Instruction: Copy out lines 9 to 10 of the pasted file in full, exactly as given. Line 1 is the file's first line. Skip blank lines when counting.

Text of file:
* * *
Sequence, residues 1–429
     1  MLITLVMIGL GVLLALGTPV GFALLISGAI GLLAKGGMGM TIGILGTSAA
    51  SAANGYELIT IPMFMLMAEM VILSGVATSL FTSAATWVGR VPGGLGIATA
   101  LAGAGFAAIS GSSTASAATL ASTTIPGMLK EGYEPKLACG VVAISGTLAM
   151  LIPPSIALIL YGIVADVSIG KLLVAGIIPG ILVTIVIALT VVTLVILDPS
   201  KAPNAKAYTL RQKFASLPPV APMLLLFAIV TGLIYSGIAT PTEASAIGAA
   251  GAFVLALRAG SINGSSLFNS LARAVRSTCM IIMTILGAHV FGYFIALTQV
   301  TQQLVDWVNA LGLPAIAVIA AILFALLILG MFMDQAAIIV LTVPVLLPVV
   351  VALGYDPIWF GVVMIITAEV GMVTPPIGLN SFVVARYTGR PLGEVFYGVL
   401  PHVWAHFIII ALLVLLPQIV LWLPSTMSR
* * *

   351  VALGYDPIWF GVVMIITAEV GMVTPPIGLN SFVVARYTGR PLGEVFYGVL
   401  PHVWAHFIII ALLVLLPQIV LWLPSTMSR